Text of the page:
Chris [00:39:05] Mental health counseling. I tell you, I think I mentioned it on the show. I just after many years solely as an artist, I applied to grad school because I’m thinking about maybe going and getting my social work masters and see if I can become a counselor. Who knows?
Caller [00:39:22] No way. That is amazing.
Chris [00:39:26] I mean, it seems it seems tough, but it’s weird and people are sit- and people sit here and they say to me, What are you talking about? You’ve had this, like, charmed life. And I go, Yeah, but it’s also kind of uncertain. And I my instinct right now is to find a way to be at home with my son and be on the road less and be dragged out to California a little less. And who knows, maybe that’s me being self-defeatest. Maybe I’ll snap out of it. Maybe I’ll get some job in entertainment and I’ll go, What was I thinking? But right now, I actually I applied and the website for the school I applied to says they’ve made their decision, but it’s not telling me their decision yet. So who knows? Maybe, maybe before the call is up, I’ll go refresh and we’ll see if they give gave the decision. We’ll all find out on the air together.
Caller [00:40:16] That is so perfect for you. I honestly, in all of the episodes that I’ve heard you, like I always imagine you as a social worker, like just the way that you talk. It’s so it makes people feel so at ease.
Chris [00:40:32] That’s nice.
Caller [00:40:32] I feel like you have a lot of the social work skills already.
Chris [00:40:37] Thanks. Yeah, that’s the joke. That’s the joke people make. I tell them I’m going for social work and they’re like, Oh, yeah, you might as well get a degree in it because it’s, you know, go learn how to do it correctly and ethically because it’s sort of just what you do anyway. And I say, touché. I make comedy that has no laughs and that people feel as- anything I put up, people go, Is this a TED talk or is this standup? I go, who cares? Are you getting something out of it? Then who cares? And people.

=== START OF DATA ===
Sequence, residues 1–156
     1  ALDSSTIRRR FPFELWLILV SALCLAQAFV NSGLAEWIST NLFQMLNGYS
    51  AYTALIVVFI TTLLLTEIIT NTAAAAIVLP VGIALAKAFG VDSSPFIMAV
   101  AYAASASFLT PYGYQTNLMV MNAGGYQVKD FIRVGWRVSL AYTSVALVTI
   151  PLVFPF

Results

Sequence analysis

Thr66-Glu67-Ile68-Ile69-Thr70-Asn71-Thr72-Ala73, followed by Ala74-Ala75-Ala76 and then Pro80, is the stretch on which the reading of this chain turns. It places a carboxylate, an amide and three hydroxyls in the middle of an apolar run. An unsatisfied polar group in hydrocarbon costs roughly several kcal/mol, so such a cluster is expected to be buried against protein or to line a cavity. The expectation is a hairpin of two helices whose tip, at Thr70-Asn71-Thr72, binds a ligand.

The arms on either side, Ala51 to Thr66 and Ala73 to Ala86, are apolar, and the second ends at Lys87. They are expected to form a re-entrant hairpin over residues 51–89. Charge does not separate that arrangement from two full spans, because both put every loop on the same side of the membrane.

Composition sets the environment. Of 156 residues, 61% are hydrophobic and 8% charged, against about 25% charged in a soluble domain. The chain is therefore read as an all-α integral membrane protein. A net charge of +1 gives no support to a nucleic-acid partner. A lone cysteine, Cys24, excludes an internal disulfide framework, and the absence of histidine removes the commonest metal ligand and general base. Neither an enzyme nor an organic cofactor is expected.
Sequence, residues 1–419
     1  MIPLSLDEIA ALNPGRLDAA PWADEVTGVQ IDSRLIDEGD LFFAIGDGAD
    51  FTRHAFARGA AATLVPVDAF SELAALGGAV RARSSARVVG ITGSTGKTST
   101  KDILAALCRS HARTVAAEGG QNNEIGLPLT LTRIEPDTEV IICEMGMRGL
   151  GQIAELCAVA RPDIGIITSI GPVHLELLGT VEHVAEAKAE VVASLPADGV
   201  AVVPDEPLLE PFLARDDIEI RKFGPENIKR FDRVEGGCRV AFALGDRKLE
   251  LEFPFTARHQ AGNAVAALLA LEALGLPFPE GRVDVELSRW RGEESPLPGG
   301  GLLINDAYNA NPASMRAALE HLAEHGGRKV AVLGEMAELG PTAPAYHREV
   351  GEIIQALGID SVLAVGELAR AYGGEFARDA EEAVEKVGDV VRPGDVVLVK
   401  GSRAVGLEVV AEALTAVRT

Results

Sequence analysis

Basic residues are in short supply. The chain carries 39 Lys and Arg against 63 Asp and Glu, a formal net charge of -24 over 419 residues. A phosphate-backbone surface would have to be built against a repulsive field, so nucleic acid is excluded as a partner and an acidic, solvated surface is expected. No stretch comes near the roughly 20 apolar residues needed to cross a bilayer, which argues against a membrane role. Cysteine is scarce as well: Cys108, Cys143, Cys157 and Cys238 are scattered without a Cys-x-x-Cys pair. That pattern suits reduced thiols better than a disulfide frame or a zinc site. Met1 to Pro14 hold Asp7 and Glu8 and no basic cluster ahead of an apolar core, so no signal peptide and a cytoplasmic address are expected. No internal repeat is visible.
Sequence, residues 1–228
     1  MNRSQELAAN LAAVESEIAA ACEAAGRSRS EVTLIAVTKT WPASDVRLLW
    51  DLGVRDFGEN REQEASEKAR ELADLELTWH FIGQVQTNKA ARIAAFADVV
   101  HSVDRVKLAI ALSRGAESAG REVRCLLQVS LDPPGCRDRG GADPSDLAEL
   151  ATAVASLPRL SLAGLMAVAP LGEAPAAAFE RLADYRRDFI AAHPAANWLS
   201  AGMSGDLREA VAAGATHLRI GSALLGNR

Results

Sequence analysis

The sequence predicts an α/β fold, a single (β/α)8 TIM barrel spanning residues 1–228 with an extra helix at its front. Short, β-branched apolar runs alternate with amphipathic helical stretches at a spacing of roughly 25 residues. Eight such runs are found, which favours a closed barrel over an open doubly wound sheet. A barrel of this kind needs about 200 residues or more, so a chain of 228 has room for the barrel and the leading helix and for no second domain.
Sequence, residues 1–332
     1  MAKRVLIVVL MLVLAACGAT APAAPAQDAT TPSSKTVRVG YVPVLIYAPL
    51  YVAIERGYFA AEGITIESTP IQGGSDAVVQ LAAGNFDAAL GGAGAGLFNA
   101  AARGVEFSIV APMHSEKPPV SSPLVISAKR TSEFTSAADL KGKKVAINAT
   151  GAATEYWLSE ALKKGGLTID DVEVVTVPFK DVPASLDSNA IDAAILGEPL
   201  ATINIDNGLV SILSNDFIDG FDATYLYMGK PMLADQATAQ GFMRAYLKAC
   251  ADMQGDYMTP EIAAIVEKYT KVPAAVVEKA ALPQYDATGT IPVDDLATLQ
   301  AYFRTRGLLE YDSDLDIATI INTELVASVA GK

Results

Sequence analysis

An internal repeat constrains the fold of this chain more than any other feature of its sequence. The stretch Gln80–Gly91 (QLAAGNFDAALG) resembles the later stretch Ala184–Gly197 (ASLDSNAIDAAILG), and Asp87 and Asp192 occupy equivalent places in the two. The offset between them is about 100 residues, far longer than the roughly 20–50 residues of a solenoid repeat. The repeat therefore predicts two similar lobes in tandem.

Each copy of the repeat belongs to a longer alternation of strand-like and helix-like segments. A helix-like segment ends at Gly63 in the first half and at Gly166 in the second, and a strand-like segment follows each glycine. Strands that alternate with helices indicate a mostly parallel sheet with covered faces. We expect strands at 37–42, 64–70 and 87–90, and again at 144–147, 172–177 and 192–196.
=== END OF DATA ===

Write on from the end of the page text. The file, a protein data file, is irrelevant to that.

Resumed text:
Caller [00:41:06] You also need to have a dark sense of humor. And you’ve got that.
Chris [00:41:10] You got to. Me and you, maybe- listen, maybe we’ll team up. We’ll start a private practice together. We’ll, if I’m sick, you cover me. If you’re sick, I’ll cover you. We’ll become counselors together. Who knows?
Caller [00:41:21] Perfect. Let’s do it.
Chris [00:41:22] There you go. And if you’re a listener and you’re looking for mental health counseling, check me out in three years. No, imagine if I started plugging. If I started trying to harvest listeners as clients, that would be- I have to imagine that will be day one what they will tell me not to do. Anyway, let’s get back to you. Let’s get back to you and your story. When you grow up, you know you had, you had this other kid blurt it out. This is how you find out. This is not ideal. I’m sure that the other adults in their life and in your life were pretty upset that that’s how it went down. I do have to wonder… If it comes up more throughout childhood. I have to wonder, do you ever meet anybody else who you identify with? Do you meet other people along the way? Are there support groups for people whose parents have murdered? Are there are there people you meet who have been through their own trauma where you feel like you can open up to them and identify because they get it? This is a very unique thing, and it’s important to find people who get it in life.
Caller [00:42:30] Honestly, I didn’t find that until I started working on the help line. So I spent most of my life feeling alone and just feeling like I had this huge secret that I couldn’t tell people.
Chris [00:42:49] Mm hmm. And then- I’m not trying to be reductive here or go for anything too easy, but it is it is sitting right there on the table- to live a life where you have this huge secret you can’t tell people in relation to your father, and then also to eventually transition which I think, you know, the the popular view of it is that a lot of people who eventually transition also live with a huge secret that they are hesitant to tell people for many years. I hope that’s becoming easier on children, although we’re certainly not as a society, making it much easier in a lot of areas. But that’s a real double whammy of things that you are reconciling internally. And a lot of people wouldn’t be able to handle either of those. And you handled both. It seems.